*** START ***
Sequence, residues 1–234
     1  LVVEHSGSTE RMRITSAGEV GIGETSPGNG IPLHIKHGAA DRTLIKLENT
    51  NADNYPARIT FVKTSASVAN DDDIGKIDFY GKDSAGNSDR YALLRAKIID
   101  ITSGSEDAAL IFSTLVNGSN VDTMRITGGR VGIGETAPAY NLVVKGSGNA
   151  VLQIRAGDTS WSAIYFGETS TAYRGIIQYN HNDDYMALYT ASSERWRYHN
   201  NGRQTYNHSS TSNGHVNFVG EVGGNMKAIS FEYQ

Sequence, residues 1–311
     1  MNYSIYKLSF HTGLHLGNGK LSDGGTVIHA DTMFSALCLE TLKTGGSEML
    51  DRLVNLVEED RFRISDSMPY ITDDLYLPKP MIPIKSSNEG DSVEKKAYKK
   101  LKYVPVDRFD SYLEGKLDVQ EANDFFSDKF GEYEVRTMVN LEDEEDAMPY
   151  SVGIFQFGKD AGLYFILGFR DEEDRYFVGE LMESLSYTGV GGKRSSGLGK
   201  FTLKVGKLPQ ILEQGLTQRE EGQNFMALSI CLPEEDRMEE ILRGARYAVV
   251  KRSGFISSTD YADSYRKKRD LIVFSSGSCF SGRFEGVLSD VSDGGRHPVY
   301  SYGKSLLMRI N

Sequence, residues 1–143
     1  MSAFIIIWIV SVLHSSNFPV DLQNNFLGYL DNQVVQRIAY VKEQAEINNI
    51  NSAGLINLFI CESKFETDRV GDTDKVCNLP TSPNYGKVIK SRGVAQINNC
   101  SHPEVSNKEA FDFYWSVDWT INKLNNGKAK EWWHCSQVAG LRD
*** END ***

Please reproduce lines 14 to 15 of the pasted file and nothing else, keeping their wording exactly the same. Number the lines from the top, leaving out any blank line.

   301  SYGKSLLMRI N

Sequence, residues 1–143